What are the health effects of recreational codeine use?
I like to use codeine occaisionally (once or twice a week at most) to help me relax and feel a minor high. Typically, I'll take about 90 to 150mg per session (100 to 200mg per week on average). Sometimes I take Tylenol-3's, and sometimes I extract the codeine from these pills and drink it pure. What are the potential health side-effects of this usage, both short- and long-term?
Let's start with some basic information: Codeine is part of the family of opioid drugs and can be made from the opium poppy flower or produced synthetically. Opioids like codeine and morphine are most commonly prescribed for mild to moderate pain relief but can also be used to induce feelings of intense pleasure and relaxation, as you may have experienced. That being said, higher doses can lower heart rate and blood pressure, cause disorientation, convulsions, hallucinations, coma, and even death. It's important to keep in mind that opioids like codeine have the potential to be highly addictive, possess certain short-term and long-term health effects, and may also be illegal if taken without a prescription.
Since you're taking codeine recreationally as opposed to by prescription guidelines, it’s harder to predict what harmful effects you may experience. The recommended dosage of codeine can depend on your height, weight, age, administration method, and the strength of the medication you have. Taking codeine with another medication, like acetaminophen, could lead to different effects. With acetaminophen alone, taking more than 4,000 milligrams a day increases the risk of liver damage, which could cause you to need a liver transplant or lead to death. In combination with codeine, it’s possible that you may experience very serious breathing problems within 24 to 72 hours. Codeine and acetaminophen together are especially dangerous if you have another health condition like asthma, chronic obstructive pulmonary disease (COPD), a head injury, a brain tumor, or any injury that increases pressure in your brain. There are also possible interactions with antidepressants, cold medications, medications used to treat certain mental illnesses, certain antifungal medications, benzodiazepines, certain medications for HIV, and sedatives, to name a few.
In the short-term, codeine use may result in positive effects such as pain relief, euphoria, relaxation. However, use may also result in negative effects such as mood changes, impaired coordination or vision, nausea and vomiting, and constipation or diarrhea. Long-term effects of codeine use can include:
- Difficulty concentrating and sleeping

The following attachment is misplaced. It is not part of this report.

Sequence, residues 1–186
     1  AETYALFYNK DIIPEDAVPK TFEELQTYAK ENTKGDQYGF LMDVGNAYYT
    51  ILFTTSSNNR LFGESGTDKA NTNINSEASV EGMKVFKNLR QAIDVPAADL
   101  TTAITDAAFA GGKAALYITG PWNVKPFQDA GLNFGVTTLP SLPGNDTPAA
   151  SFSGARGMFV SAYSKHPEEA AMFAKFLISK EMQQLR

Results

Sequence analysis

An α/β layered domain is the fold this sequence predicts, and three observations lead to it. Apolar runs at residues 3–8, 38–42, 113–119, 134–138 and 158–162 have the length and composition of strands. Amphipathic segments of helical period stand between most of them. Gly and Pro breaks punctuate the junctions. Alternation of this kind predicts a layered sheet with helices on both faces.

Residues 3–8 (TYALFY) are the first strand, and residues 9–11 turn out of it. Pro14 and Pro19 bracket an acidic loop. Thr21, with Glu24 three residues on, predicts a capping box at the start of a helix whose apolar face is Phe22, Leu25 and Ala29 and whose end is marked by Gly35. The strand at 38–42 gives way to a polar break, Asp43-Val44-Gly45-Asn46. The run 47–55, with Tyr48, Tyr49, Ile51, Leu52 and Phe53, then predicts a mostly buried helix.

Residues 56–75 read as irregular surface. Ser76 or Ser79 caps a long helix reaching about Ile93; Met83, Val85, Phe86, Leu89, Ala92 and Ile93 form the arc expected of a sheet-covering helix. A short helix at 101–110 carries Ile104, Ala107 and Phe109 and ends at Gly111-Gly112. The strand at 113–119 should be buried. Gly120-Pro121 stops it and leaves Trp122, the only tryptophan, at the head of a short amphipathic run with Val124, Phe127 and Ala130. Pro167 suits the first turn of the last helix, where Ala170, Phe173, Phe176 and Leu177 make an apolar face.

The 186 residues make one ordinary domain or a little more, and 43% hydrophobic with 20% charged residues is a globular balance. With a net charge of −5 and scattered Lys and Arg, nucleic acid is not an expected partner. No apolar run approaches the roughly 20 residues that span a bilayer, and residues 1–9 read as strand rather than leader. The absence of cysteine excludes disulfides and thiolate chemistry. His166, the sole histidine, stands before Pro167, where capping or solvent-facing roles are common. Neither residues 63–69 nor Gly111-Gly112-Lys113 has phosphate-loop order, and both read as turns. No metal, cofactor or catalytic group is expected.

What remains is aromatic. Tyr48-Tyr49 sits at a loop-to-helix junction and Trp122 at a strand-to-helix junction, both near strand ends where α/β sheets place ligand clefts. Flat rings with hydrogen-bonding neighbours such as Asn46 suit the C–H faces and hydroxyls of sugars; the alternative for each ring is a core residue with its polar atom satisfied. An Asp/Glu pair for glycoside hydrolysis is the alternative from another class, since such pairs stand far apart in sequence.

- Difficulty urinating
- Severe constipation
Keep in mind that although some side effects can be associated with short-term use, continuous use can also result in long-term chronic conditions. Other more serious side effects that may appear in either the short- or long-term could include tremors, seizures, low blood pressure or slow heartbeat, rash, hives, hallucinations, and difficulty breathing. If you experience any of these, it would be best to contact a health care provider immediately.
Another issue that may contribute to the short- and long-term effects of use is the extraction method you mentioned in your question. Though many internet resources tout strategies to extract opioids like codeine from formulations that include other medications (like acetaminophen), the safety and effectiveness of these methods are difficult to determine—even by trained professionals. Unfortunately, attempting to make the opioids in medications like the one you describe more drinkable is often associated with codeine addiction, might be toxic, and could potentially be fatal.
Since codeine can be habit-forming, use isn't recommended in large doses, over long periods, or without speaking with a health care professional first. Taking high or extended doses of codeine could lead to severe consequences like liver damage, internal bleeding, kidney failure, heart attack, or death. People who do become addicted to codeine could experience withdrawal symptoms when they’re no longer using the substance.
Withdrawal symptoms may include:
- Stomach cramps
- Muscle aches
- Difficulty falling asleep or staying awake
Are you experiencing any of these symptoms when you aren't using codeine? If so, it may be a sign that you’re experiencing withdrawal symptoms. Have you noticed any need to increase the amount of codeine needed to reach the desired effect or to fight off withdrawal symptoms? If that’s the case, the former could indicate tolerance (needing more substance to produce the sought-after feelings), which may lead to a cycle of addiction.
If getting relaxed and feeling a small high is what you’re after when taking codeine, you might consider ways to do that without codeine. Endorphins are the hormones your body releases in response to pain or stress, to try to improve your mood. Yoga, running, many other forms of exercise, and (safer) sex, can all be safer and healthier ways to rev up your natural production of endorphins to produce feelings of intense pleasure and peace—without the risks of using addictive substances. If you have concerns about your codeine use, you may consider visiting a health care provider. Kudos to you for seeking out more information to inform future health-related decisions.
Originally published Nov 13, 2009
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